Europe South Asia Asia Pacific Americas Middle East Africa BBC Homepage World Service Education

Front Page



UK Politics







Talking Point

In Depth

On Air

Low Graphics

Monday, May 31, 1999 Published at 02:19 GMT 03:19 UK

World: Africa

Sierra Leone talks enter critical phase

The Sierra Leone military has failed to defeat the rebels

By Mark Doyle in Freetown

Sierra Leone
One of Africa's most brutal conflicts may, just may, be in the process of being resolved. Peace talks aimed at ending the war in Sierra Leone are entering a second, critical week on Monday.

The prospect for ending a conflict, which has made an estimated one million people homeless and killed tens of thousands, is better than for many years.

Mark Doyle: There have been false dawns before
The democratically elected government, which has political backing from Britain and the United Nations, is negotiating with rebels because they have been unable to defeat them militarily.

A ceasefire declared to coincide with the peace talks is shaky but holding.

Sticking points

The two sides are now expected to get down to the real issues at hand:

  • possible power sharing with the rebels

  • an amnesty for rebellious soldiers who joined the insurgency

  • exactly how and when the rebel leader, Foday Sankoh, may be released from a death sentence hanging over him on treason charges.

Most of the international community, led politically in the former British colony by Tony Blair's government, supports the elected Sierra Leonean President, Ahmed Tejan Kabbah. A British army team is currently here to help train his troops.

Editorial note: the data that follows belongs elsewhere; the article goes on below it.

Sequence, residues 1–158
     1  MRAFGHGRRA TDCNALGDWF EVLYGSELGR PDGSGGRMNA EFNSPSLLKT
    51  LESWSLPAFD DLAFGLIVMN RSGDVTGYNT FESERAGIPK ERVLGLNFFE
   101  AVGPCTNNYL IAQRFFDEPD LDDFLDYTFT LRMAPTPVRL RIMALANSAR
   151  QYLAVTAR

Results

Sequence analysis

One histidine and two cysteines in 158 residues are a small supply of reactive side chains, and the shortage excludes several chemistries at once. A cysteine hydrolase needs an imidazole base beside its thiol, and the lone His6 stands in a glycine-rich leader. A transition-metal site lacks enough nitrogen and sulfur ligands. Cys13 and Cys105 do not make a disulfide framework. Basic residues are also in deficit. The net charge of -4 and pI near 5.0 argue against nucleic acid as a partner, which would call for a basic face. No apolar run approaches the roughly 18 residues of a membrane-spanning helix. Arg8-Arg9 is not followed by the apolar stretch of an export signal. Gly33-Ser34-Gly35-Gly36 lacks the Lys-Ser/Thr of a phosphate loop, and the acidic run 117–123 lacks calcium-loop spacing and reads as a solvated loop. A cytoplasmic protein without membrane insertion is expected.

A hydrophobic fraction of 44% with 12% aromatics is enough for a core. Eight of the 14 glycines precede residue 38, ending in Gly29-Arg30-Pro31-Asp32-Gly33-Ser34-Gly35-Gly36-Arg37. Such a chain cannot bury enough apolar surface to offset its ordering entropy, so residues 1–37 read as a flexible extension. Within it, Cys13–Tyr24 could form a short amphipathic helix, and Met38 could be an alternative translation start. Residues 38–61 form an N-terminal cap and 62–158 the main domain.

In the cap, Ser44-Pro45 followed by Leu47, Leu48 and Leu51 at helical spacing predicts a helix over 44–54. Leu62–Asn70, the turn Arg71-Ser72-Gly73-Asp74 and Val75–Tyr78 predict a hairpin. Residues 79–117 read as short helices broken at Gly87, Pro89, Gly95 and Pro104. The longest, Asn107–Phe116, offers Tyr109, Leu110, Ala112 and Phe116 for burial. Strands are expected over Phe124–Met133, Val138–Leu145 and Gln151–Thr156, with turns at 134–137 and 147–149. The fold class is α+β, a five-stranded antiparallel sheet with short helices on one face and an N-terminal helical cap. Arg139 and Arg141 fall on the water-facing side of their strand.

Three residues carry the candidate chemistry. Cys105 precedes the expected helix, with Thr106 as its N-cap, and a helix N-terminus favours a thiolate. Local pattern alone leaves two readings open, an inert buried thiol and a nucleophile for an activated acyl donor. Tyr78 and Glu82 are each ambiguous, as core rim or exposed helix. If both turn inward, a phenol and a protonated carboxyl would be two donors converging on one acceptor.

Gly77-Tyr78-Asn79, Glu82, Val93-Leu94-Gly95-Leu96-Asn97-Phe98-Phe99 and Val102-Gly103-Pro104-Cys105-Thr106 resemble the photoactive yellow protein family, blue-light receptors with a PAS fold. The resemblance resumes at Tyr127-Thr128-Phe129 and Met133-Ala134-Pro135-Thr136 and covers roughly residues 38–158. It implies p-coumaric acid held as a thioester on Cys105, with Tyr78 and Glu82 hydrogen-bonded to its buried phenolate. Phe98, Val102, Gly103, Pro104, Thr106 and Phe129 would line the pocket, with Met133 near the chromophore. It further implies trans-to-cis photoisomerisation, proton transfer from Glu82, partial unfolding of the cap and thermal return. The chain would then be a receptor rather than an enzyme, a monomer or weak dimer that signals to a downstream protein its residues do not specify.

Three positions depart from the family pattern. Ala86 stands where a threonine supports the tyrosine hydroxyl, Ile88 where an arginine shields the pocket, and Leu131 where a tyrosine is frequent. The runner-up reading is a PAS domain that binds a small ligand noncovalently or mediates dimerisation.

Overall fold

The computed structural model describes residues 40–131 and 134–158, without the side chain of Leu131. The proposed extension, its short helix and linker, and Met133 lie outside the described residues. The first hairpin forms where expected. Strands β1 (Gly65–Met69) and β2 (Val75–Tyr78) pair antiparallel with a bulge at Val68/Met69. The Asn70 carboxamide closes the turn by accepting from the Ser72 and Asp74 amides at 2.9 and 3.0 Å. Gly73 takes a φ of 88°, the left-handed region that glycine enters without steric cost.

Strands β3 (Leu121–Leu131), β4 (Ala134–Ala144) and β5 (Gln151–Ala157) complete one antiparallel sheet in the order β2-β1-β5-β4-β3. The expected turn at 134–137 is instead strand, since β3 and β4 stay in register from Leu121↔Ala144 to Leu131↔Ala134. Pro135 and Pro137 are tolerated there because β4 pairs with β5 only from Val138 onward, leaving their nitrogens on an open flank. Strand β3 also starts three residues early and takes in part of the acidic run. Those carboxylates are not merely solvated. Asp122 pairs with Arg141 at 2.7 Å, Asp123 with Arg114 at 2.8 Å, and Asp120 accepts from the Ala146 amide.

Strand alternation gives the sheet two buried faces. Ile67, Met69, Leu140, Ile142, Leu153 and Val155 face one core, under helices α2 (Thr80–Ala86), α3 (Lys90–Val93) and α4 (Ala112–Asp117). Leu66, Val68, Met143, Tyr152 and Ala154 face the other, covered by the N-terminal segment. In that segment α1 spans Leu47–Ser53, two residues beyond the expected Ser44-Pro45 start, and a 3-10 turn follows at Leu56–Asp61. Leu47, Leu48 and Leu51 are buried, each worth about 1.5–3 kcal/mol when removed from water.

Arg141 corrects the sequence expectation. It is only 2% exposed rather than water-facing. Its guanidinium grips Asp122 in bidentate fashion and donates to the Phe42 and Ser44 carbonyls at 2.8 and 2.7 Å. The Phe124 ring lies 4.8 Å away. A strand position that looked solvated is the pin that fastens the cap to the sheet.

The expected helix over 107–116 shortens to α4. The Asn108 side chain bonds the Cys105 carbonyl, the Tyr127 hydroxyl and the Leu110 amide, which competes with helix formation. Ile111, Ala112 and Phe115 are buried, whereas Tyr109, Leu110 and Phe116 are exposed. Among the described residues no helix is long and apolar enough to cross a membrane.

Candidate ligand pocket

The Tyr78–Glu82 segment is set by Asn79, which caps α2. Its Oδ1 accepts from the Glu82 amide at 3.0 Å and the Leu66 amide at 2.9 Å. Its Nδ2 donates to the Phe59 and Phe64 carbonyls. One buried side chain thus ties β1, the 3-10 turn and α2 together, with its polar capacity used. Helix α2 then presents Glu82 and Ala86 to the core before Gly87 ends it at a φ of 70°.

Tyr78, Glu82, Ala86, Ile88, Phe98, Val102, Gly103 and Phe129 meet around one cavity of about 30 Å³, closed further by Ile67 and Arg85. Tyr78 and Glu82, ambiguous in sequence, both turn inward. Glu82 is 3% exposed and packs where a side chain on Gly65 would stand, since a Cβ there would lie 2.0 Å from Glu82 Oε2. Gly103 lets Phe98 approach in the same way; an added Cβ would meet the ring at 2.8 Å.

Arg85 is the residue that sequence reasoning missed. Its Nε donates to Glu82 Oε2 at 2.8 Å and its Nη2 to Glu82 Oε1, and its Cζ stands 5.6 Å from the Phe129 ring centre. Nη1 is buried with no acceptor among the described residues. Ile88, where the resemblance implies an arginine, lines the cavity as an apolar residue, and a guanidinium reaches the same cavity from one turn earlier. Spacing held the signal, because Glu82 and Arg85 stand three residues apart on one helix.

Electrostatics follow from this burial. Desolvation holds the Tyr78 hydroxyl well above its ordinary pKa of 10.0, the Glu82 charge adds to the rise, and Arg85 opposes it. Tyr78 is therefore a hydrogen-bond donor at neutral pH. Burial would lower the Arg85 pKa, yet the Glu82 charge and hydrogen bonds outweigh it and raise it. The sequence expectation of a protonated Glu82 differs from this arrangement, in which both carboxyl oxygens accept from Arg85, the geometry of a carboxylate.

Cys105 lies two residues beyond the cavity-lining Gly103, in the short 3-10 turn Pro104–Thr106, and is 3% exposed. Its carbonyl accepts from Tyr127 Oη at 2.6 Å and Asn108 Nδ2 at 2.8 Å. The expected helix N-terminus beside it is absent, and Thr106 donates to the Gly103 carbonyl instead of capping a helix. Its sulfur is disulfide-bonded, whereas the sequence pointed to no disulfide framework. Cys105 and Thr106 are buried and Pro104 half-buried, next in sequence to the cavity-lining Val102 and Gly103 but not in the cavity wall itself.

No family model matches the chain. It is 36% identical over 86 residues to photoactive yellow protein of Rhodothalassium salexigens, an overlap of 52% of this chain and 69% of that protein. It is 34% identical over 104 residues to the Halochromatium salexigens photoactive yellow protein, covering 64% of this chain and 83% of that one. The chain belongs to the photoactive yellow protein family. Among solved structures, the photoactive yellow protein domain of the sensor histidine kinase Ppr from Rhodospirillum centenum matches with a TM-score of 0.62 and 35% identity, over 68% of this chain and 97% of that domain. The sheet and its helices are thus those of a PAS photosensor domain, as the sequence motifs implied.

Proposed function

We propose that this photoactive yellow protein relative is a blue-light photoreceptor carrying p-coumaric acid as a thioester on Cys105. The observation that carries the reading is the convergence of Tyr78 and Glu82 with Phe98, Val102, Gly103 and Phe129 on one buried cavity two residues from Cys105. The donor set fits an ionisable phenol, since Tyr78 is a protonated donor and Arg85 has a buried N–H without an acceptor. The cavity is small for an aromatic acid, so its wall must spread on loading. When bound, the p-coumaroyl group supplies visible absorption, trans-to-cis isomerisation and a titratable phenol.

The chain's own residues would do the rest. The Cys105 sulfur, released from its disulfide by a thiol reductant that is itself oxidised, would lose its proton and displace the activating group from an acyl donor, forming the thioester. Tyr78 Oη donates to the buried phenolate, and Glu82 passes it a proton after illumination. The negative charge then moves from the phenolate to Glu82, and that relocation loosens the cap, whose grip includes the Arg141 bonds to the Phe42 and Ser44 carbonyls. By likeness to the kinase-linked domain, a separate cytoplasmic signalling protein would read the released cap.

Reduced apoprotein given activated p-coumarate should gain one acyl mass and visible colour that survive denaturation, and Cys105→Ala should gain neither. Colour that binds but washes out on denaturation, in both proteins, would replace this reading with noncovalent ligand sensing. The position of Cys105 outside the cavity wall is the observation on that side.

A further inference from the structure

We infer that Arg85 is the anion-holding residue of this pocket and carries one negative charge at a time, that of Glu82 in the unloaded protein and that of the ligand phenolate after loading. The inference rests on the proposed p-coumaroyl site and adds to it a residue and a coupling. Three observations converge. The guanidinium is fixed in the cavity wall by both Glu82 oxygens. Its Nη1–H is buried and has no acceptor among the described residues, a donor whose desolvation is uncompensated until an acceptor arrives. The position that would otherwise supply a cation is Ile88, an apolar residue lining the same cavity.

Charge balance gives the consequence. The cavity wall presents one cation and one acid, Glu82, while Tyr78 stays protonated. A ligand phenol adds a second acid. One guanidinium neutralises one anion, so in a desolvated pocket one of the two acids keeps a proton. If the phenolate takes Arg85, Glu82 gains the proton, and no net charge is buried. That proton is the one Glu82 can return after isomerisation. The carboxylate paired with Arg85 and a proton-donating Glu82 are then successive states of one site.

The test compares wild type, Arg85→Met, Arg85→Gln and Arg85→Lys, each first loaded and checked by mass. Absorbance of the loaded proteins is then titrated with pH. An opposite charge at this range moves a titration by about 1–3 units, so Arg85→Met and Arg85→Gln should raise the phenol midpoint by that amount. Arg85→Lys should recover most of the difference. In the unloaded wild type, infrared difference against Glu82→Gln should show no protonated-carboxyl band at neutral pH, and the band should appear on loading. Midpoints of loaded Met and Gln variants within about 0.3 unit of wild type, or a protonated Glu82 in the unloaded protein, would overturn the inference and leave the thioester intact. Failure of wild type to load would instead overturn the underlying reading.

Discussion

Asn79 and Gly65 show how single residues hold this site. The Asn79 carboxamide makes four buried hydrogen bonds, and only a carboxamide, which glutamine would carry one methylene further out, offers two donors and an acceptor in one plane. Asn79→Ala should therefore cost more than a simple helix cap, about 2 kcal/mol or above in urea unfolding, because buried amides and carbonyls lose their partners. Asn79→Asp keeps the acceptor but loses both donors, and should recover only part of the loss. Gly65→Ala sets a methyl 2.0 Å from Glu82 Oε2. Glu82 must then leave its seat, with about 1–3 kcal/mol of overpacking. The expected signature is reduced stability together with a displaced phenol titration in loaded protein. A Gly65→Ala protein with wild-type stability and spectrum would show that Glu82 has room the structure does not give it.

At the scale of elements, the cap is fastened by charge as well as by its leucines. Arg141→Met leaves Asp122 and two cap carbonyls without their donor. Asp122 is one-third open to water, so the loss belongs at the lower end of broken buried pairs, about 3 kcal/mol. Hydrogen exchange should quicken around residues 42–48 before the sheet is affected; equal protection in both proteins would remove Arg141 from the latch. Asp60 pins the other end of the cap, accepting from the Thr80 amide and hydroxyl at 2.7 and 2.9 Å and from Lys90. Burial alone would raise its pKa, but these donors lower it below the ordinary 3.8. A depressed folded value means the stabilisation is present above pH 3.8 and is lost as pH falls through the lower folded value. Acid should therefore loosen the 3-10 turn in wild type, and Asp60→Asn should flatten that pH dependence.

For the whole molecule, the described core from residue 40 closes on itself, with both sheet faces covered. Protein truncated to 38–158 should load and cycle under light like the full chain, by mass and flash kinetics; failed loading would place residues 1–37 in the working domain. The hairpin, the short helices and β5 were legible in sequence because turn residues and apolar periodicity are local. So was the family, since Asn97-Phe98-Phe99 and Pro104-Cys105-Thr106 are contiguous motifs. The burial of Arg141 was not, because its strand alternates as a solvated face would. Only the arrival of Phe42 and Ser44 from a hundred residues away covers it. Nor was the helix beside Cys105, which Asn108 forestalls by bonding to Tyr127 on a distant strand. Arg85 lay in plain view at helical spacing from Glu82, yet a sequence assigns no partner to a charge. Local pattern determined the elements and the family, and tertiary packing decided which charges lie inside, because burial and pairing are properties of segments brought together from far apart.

[ image: Mr Sankoh still has a death sentence hanging over him]
Mr Sankoh still has a death sentence hanging over him
But the key military backer of President Kabbah is Nigeria, which has an estimated 10,000 soldiers here who have been fighting the rebels.

The democratically-elected president of Nigeria, General Olusegun Obasanjo, who was inaugurated this weekend, said in his first speech that he will encourage the Sierra Leone peace talks in the hope that this would mean some of his troops coming home.

A number of the elements are now in place for a possible deal to end the Sierra Leonean war, but this country has had false dawns before and whether the rebels are really committed to peace and democracy is far from clear.

Advanced options | Search tips

Back to top | BBC News Home | BBC Homepage | ©

Africa | Americas | Asia-Pacific | Europe | Middle East | South Asia

Relevant Stories

28 May 99 | Africa
Sierra Leone ceasefire 'holding'

27 May 99 | Africa
Sierra Leone rebels 'on the move'

25 May 99 | Africa
Who's who at the Lome talks

19 May 99 | Africa
Analysis: Battle to rebuild shattered Sierra Leone

13 Feb 99 | Africa
Grim facts of Sierra Leone's war

08 Jan 99 | Sierra Leone
A country torn by conflict

Internet Links

Crisis Web: Sierra Leone

Sierra Leone Web

UN Observer Mission in Sierra Leone

The BBC is not responsible for the content of external internet sites.

In this section

Dam builders charged in bribery scandal

Burundi camps 'too dire' to help

Sudan power struggle denied

Animal airlift planned for Congo

Spy allegations bug South Africa

Senate leader's dismissal 'a good omen'

Tatchell calls for rights probe into Mugabe

Zimbabwe constitution: Just a bit of paper?

South African gays take centre stage

Nigeria's ruling party's convention

UN to return to Burundi

Bissau military hold fire

Nile basin agreement on water cooperation

Congo Brazzaville defends peace initiative

African Media Watch

Liberia names new army chief